BEIJING: The iPhone, Apple's pioneering wireless handset, is facing increased competition in China as firms like Lenovo launch rival devices tailored for the needs of shoppers in the country.
Having established an exclusive tie-up with China Unicom last year to enter the Chinese market, Apple has expressed optimism about the iPhone's prospects.
By contrast, many analysts have suggested that high prices, the widespread availability of forgeries and the US multinational's comparatively limited distribution network are all barriers to success.
Apple hopes to be operating 25 branded retail outlets in China by the end of 2011, but critics warn this may be insufficient at a time when demand for technology products is surging.
Liu Chuanzhi, the founder of Lenovo, which retains a 30% share of the Chinese PC sector, said this business model would hamper Apple's performance in the short term at least.
In a bid to tap in to this opportunity, Lenovo has unveiled its own smartphone, the LePhone, which is designed specifically for the local audience.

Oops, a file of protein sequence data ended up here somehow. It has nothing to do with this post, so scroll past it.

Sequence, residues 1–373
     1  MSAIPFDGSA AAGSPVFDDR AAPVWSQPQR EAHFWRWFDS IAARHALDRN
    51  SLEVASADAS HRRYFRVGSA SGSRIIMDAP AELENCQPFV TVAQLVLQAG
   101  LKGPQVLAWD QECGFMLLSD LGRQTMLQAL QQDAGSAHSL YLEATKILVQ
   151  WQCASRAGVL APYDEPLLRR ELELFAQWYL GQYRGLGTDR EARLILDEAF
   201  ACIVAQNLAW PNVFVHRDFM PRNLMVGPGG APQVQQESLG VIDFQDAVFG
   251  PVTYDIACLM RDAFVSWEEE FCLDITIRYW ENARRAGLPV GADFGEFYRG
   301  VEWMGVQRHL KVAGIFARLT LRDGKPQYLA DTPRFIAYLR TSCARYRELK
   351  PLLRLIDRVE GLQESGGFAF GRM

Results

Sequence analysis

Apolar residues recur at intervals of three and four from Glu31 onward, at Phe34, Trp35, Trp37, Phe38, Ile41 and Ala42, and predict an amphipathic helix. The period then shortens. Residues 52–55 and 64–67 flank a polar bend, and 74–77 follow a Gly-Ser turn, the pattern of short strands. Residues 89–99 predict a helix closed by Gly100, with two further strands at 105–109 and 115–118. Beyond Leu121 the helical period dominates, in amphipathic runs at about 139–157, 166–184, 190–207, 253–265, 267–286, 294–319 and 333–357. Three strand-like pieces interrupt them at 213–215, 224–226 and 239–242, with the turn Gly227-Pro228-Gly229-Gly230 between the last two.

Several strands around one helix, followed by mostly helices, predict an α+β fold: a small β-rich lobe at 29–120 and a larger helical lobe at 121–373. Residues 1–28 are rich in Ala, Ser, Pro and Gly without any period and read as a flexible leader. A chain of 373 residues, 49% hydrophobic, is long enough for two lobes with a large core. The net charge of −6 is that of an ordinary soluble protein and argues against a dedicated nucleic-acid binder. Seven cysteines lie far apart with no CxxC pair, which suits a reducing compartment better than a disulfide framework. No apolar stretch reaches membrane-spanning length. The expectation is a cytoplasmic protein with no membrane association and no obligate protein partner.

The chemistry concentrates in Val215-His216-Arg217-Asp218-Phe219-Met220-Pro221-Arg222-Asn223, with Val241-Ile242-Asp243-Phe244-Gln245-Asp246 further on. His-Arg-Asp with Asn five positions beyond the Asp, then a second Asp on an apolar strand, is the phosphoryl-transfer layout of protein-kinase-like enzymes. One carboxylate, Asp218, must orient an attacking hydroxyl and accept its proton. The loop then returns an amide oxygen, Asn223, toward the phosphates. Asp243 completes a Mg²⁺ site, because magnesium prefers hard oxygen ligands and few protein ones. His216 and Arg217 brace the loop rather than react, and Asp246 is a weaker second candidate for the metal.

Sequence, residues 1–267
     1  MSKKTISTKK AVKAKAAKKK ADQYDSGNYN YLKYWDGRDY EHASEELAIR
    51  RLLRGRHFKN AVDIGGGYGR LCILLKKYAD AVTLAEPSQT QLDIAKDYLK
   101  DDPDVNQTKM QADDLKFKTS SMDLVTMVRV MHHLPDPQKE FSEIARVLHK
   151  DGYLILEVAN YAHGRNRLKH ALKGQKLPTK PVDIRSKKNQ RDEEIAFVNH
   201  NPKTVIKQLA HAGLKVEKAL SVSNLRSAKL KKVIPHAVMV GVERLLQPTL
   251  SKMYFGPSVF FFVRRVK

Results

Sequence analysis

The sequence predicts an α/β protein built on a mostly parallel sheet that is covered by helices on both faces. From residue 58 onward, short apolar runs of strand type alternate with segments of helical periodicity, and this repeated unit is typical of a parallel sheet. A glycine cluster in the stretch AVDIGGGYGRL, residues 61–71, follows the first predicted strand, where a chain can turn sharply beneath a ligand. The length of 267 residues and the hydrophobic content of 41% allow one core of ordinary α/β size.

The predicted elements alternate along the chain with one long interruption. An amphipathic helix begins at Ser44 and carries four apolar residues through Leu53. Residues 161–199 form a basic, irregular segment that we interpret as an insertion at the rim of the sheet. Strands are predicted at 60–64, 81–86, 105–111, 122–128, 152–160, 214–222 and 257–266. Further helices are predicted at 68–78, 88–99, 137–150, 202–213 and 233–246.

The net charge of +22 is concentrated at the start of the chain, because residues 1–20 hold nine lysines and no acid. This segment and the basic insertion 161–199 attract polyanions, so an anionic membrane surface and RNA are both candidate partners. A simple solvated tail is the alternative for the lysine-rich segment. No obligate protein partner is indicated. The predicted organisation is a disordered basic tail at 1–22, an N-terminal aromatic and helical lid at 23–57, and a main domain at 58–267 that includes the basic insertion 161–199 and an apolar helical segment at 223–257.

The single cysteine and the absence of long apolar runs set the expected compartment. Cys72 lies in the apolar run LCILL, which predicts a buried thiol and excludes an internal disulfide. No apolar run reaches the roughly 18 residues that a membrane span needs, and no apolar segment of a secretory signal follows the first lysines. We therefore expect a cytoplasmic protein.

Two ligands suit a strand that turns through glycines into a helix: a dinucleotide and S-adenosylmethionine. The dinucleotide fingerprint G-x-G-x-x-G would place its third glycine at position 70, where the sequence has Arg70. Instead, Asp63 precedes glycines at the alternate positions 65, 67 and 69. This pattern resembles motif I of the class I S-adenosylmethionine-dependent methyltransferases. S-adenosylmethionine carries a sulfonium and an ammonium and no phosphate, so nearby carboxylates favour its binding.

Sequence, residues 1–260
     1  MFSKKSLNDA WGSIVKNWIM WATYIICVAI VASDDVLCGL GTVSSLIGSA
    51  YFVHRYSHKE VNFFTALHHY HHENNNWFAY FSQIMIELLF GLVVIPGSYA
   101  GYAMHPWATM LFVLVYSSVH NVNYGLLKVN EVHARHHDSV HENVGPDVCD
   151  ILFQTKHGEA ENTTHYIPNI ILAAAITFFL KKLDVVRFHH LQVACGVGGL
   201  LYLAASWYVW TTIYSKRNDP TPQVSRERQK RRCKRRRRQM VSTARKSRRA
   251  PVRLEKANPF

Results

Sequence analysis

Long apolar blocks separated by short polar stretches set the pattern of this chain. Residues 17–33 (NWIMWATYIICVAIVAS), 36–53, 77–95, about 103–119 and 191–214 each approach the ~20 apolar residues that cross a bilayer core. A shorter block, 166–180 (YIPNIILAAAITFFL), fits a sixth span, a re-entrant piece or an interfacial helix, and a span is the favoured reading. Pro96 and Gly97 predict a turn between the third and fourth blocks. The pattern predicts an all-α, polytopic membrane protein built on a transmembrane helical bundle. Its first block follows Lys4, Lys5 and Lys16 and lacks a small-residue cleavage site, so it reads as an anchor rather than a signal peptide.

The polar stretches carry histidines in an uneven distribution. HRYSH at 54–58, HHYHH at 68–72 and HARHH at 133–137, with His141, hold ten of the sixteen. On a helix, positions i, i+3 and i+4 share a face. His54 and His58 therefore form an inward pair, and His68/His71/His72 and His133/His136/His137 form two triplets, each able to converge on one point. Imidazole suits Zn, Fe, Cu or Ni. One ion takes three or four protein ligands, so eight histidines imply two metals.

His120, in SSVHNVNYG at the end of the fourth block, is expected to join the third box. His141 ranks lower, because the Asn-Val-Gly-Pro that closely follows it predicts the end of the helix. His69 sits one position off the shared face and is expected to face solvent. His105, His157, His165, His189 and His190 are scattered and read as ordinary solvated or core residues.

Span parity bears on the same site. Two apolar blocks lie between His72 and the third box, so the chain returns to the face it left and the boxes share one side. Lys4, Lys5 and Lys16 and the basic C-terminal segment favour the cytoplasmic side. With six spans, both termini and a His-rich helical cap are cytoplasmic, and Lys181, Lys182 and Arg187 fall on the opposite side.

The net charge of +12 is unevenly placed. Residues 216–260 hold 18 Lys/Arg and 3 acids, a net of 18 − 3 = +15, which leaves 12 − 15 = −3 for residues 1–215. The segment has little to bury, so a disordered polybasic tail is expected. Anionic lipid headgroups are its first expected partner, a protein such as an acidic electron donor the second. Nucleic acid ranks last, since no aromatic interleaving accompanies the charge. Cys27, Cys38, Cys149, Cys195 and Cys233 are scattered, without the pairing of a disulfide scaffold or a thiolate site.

"This is a very practical thing. The iPhone has more than 100,000 content providers, and we have no more than 1,000," Liu said.
"But our Chinese customers feel our applications are very convenient to use."
More broadly, Liu predicted China would eventually replace the US as a global trendsetter in the technology category.
This process will mean foreign companies will be forced to adapt their goods and services to meet the unique requirements of consumers in the world‘s most populous nation, he added.
Data sourced from Financial Times; additional content by Warc staff